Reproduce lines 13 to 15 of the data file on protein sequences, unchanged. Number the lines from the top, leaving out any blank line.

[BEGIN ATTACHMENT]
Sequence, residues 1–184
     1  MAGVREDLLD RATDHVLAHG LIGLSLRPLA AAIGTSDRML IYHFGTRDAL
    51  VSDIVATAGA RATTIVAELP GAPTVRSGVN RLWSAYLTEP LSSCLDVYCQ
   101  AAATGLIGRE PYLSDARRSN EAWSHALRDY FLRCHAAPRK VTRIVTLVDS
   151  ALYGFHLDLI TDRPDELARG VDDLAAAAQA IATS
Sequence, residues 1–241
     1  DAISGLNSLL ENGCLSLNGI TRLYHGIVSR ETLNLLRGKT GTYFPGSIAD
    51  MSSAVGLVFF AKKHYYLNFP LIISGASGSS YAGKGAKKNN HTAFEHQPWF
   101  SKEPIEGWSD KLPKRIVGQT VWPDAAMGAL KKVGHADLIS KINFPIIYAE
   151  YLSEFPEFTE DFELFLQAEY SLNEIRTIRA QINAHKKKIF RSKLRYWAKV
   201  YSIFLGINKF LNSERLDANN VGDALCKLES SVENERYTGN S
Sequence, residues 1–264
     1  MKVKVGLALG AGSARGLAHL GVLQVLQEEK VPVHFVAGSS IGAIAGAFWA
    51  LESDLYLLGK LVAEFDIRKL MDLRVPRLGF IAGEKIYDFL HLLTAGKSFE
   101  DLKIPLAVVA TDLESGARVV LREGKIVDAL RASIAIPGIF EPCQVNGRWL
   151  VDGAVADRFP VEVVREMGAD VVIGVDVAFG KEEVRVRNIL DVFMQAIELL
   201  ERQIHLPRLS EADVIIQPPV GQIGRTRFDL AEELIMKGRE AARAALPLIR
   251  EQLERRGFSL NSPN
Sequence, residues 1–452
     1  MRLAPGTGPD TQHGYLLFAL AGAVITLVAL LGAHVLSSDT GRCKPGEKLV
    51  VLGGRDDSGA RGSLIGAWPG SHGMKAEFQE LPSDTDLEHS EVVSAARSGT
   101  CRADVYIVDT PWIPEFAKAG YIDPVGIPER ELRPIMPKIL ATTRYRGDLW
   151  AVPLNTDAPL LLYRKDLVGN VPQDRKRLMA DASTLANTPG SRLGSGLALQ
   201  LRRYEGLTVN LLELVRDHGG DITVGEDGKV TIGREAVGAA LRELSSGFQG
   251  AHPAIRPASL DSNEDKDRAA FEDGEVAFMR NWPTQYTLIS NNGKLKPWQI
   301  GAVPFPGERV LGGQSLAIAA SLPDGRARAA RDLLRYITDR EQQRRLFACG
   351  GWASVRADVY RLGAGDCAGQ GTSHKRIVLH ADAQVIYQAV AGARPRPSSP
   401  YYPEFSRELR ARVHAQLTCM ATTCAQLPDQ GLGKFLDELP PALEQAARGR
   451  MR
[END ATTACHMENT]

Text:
     1  MKVKVGLALG AGSARGLAHL GVLQVLQEEK VPVHFVAGSS IGAIAGAFWA
    51  LESDLYLLGK LVAEFDIRKL MDLRVPRLGF IAGEKIYDFL HLLTAGKSFE
   101  DLKIPLAVVA TDLESGARVV LREGKIVDAL RASIAIPGIF EPCQVNGRWL